Another related small improvement in Dorico 2.1 is that you can now define the cut-outs in the corners of the bounding shapes of accidentals, allowing you to improve the tucking or kerning of accidentals in adjacent stacks when using your own custom accidentals, and the design of the dialog used to edit noteheads, accidentals, playing techniques and chord symbols has been improved to allow more space for the graphical editor itself. More improvements are to come in this area in future versions.

One other improvement in customisation introduced in this update is that you can now choose to use any font for tuplet digits, by choosing Plain font on the Tuplets page of Engraving Options, and then editing the Tuplets plain font font style in Engrave > Font Styles.

Part preparation improvements

Two small but significant features have been added to help speed up the part preparation process. One of Dorico's great strengths is that it's possible to override more or less everything independently in the full score and the instrumental part, and of course you can have multiple scores and multiple parts within the same project. However, with this flexibility also comes some duplication of labour, as settings that are independent in each layout but which you want to be the same in each layout have to be propagated manually, which means making the same edits in each layout.

In the longer term, we are planning to introduce some changes to the way the Properties panel works so that you both have improved visibility of which properties always apply to all layouts and which are independent between layouts, and in the case of the latter, to allow you to specify that any changes you make to an independent property should be propagated automatically to other layouts where the edited item is found. But this will be quite a big change, and we don't want to rush into a user interface change that won't serve us well into the future.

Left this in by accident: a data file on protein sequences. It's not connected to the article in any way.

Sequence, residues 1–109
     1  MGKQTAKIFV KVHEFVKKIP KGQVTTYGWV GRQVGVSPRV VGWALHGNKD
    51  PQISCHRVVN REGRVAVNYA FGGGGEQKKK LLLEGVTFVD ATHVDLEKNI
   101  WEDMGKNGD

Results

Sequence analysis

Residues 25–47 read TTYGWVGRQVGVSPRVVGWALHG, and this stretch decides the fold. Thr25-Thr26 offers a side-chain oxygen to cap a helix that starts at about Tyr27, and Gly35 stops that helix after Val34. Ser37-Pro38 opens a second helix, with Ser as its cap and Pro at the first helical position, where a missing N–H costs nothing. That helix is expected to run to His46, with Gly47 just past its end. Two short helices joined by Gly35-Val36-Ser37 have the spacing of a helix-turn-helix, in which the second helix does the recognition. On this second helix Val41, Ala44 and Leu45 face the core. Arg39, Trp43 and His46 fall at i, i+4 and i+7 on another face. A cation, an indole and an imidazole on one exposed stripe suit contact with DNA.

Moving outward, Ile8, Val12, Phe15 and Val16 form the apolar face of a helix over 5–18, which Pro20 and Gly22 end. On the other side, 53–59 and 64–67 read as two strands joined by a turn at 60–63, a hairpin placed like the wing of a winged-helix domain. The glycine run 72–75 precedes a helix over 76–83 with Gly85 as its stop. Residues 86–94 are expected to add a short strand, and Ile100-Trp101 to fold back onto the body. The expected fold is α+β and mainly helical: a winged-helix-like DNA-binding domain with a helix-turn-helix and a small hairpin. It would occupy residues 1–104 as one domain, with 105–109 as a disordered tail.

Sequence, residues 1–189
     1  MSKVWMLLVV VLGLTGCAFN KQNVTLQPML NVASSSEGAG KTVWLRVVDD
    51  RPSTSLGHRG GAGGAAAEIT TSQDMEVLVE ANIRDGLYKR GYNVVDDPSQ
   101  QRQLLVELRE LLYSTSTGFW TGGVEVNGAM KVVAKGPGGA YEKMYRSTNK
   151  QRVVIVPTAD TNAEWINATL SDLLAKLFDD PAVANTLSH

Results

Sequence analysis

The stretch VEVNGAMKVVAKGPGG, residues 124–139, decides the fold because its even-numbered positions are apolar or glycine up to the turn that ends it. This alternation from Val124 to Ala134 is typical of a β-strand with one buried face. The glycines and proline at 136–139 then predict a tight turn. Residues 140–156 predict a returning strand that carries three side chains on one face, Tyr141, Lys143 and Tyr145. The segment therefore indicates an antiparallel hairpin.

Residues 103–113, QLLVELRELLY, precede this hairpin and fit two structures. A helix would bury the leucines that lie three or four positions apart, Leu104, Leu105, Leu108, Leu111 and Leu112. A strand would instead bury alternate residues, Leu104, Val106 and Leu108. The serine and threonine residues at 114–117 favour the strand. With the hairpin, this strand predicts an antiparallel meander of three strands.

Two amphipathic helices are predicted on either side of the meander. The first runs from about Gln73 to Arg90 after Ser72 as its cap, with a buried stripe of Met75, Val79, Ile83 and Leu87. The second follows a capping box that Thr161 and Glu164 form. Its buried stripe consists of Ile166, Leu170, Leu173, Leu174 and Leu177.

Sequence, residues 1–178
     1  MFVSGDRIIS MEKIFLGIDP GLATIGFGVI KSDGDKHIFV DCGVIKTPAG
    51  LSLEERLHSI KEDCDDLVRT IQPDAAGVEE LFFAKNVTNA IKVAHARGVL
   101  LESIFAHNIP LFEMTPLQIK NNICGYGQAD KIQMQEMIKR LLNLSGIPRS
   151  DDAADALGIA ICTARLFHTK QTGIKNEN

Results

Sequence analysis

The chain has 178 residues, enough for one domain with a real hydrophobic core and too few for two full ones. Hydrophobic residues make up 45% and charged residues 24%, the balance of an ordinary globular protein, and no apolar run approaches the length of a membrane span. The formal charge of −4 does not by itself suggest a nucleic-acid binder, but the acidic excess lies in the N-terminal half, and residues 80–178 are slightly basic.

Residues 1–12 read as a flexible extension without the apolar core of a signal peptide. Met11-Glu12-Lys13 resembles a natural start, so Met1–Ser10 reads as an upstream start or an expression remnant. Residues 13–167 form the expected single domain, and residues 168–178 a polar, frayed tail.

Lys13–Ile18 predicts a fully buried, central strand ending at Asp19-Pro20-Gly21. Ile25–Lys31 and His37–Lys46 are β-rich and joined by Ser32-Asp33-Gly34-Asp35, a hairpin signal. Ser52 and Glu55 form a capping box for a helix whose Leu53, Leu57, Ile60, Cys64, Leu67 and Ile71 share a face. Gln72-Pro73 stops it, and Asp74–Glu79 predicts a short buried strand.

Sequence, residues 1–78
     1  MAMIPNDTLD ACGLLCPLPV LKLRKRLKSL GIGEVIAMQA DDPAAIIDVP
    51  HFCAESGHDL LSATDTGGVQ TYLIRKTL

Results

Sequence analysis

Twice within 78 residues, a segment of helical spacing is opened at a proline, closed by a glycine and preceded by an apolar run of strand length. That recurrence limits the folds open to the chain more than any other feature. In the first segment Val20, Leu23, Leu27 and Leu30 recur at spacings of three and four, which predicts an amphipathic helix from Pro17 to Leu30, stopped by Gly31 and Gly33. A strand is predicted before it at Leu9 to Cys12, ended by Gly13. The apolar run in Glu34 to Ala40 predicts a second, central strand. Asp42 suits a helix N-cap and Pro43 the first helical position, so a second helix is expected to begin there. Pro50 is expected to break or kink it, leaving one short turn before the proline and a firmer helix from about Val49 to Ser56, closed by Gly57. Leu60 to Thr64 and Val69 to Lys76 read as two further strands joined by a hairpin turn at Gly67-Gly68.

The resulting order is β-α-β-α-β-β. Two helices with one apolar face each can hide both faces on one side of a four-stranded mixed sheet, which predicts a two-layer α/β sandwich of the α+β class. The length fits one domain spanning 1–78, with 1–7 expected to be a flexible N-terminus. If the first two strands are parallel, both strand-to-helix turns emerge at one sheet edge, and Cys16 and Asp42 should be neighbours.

So as a short-term measure, Dorico 2.1 introduces a new command found in the Edit menu called Propagate Properties. What this does is copy the properties for the selected item or items in the current layout, and apply them to those items in every other layout in which they appear.

By way of example: you may have chosen to change the appearance of a gradual dynamic from a hairpin to italic cresc. text in the full score. By default Dorico retains the hairpin appearance in the part (because you may wish to use the hairpin appearance if, say, the rhythmic spacing is very different in the part to that of the score), which would mean that if you wanted the appearance to be the same, you'd have to switch to the part and edit that property again. Now you can simply use Propagate Properties: and, of course, you can even filter all the gradual dynamics in the score layout and then propagate the properties for all of them in a single operation.

Which properties get propagated depends on whether you are in Write mode or Engrave mode: only those properties that appear in Write mode will be propagated if you invoke the command from Write mode, while all properties available in both Write and Engrave modes will be propagated if you invoke it from Engrave mode.

Ant shows Propagate Properties in action in this video:

https://www.youtube.com/watch?v=sjnbqprXChU

The video also shows the new Setup > Propagate Part Formatting dialog, which allows you to quickly take layout and formatting decisions you have made for one part – such as how many bars per system and systems per frame you want to see, choices about page and staff size, margins, and so on – and apply them to one or more other parts with just a couple of clicks. This is especially useful for quickly formatting parts for instruments with similar material, as you might typically find with instruments from the same family in orchestral or band writing.

Other improvements to part formatting include new options for multi-bar rest appearance (a new fixed-width H-bar choice, a threshold for how many bars' rest at the end of the system should trigger tacet al fine rather than a normal bar count, an option to show the bar count above both staves of a keyboard instrument as commonly done in Hollywood parts, and so on), and improvements to staff labeling, which are significant enough to warrant separate discussion.

Staff labels